• 21. Screening Mammography: Why not suitablein low resource settings Expensive to set up Resource intensive modality Poor sensitivity in women with dense breasts Mammographic findings of breast masses and focal asymmetry need additional sonographic evaluation Minimally invasive biopsy procedures for mammographic findings requires stereotactic biopsy equipment which are expensive and time consuming
  • 22. Screening Mammography:Limitations 10-15% or higher recall rate is to be expected for women undergoing screening mammography requiring an additional clinic visit Breast compression required for mammography involves patient discomfort, and may be less well tolerated and accepted Telemedicine impractical FNAB[fine needle aspiration biopsy] is not an option to sample abnormalities detected by this modality
  • 23. SCREENING AND EARLY CANCER DETECTIONSTRATEGY: OVARIAN CANCER
  • 24. Ovarian Cancer: Early detection Goff and others have reported that symptoms that were associated with ovarian cancer were pelvic abdominal pain, urinary frequency/urgency, increased abdominal size and bloating and difficulty eating/feeling full. These symptoms are particularly significant if present for less than year and present > 12 days per month.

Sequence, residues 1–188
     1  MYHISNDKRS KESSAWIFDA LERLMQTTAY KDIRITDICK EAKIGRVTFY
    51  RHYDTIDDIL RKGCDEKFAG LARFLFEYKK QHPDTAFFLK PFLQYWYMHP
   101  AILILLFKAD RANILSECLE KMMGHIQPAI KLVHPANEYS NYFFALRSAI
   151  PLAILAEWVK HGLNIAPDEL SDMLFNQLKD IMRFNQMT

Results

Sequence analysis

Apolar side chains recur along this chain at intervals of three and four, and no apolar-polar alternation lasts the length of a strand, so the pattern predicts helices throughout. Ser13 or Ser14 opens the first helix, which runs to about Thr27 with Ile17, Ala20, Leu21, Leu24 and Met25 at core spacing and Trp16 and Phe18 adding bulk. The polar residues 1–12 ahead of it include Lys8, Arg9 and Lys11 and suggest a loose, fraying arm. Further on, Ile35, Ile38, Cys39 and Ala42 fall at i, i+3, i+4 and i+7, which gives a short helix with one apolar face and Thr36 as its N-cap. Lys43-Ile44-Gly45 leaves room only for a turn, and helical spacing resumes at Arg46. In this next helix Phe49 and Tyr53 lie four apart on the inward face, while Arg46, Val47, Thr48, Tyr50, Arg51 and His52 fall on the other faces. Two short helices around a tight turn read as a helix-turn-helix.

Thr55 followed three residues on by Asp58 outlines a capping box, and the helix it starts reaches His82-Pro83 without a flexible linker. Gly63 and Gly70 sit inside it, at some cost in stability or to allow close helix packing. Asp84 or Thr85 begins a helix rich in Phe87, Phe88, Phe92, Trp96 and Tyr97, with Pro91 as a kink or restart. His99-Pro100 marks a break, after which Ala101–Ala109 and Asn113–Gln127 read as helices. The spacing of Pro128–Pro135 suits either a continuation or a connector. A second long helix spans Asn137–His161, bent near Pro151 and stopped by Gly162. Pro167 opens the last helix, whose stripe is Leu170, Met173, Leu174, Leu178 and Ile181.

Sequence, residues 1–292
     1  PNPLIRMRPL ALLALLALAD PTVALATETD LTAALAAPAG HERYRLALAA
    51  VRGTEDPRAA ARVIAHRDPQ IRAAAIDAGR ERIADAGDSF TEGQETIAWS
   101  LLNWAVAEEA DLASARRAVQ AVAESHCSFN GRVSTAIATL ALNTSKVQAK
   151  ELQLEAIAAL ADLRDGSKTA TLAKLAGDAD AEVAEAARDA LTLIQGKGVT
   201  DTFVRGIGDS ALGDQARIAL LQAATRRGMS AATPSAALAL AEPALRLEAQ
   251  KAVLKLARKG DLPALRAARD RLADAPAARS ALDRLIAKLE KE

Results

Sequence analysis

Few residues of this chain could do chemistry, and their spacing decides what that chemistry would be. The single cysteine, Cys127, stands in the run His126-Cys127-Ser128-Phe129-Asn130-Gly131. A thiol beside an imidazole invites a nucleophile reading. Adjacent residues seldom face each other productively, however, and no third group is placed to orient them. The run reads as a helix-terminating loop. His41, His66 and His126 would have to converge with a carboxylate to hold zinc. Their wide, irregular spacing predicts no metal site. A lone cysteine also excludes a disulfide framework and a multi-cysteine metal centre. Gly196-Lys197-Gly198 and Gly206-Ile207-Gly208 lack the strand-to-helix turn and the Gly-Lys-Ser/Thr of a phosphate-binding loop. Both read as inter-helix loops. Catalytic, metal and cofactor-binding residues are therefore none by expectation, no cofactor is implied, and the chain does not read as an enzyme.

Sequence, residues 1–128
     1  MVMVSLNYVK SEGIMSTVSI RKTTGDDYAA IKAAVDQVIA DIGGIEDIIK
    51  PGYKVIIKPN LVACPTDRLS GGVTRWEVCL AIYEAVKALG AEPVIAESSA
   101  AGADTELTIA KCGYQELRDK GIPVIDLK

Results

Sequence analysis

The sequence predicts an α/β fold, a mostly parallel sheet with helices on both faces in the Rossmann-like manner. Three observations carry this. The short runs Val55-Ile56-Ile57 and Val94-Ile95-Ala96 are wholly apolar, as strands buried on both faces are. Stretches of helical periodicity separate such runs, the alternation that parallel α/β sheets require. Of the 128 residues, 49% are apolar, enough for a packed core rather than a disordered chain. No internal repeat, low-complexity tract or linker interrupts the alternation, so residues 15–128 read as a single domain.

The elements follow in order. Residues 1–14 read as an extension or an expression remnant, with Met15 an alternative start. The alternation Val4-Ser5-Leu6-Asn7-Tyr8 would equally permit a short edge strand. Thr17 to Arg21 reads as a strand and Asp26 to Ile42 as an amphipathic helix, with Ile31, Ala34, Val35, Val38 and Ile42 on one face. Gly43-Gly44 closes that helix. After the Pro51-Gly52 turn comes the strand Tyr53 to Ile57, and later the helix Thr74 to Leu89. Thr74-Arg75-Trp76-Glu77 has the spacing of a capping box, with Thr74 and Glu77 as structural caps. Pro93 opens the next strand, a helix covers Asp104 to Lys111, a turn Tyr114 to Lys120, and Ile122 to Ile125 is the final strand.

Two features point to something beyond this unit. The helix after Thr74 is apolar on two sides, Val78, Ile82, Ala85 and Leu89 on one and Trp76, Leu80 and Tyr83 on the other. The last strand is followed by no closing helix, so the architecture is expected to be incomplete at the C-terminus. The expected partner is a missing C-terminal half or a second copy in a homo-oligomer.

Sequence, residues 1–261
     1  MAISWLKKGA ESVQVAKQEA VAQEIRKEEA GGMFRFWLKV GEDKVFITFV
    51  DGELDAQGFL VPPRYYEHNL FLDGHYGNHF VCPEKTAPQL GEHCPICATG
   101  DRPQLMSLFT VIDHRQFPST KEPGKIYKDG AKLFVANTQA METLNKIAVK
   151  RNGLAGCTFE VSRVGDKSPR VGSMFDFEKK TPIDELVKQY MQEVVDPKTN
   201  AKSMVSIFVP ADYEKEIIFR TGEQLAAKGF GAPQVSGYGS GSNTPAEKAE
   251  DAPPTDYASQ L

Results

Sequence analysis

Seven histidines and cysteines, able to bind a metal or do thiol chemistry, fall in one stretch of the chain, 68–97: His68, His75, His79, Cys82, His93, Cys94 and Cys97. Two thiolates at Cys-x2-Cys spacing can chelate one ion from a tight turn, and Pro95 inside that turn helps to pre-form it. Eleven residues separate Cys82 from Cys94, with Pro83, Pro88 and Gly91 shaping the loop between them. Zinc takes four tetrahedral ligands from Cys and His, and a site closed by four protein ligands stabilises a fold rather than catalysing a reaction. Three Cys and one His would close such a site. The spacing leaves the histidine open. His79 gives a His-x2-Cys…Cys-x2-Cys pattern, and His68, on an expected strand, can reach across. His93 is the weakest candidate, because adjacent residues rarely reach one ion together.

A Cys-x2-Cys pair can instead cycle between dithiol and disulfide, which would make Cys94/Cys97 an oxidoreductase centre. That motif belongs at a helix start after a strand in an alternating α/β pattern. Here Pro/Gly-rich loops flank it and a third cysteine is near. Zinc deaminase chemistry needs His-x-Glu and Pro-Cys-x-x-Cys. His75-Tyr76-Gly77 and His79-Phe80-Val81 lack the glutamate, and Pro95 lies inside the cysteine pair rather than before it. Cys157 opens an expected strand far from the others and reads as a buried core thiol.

• 25. Ovarian Cancer: Early detection A symptom index was considered positive if any of the following symptoms occurred > 12 times per month and present for < 1 year: Pelvic/abdominal pain, increased abdominal size/bloating, difficulty eating/feeling full. In the confirmatory sample the index had a sensitivity of 56.7% sensitivity for early disease. Specificity was 90% for women > 50 years
  • 26. ENDOVAGINAL SONOGRAPHYNORMAL OVARY OVARIAN CANCER
  • 27. SCREENING AND EARLY CANCER DETECTIONSTRATEGY: ENDOMETRIAL CANCER
  • 28. ENDOMETRIAL CANCER EARLYDETECTION Assessment of the endometrial stripe in women with post menopausal bleeding
  • 29. ENDOVAGINAL SONOGRAPHY ENDOMETRIAL CANCERNORMAL ENDOMETRIAL LINING
  • 30. FUTURE STRATEGIES BREAST CANCER: AUTOMATED WHOLE BREAST SCREENING ULTRASOUND MAY BE A VIABLE ALTERNATIVE TO SCREENING MAMMOGRAPHY AND NEEDS TO BE STUDIED TO TEST EFFICACY AND COST EFFECTIVENESS
  • 31. FUTURE STRATEGIES……. CERVICAL CANCER VACCINE…… USE OF TUMOR MARKERS FOR EARLY DIAGNOSIS OF OVARIAN CANCER…….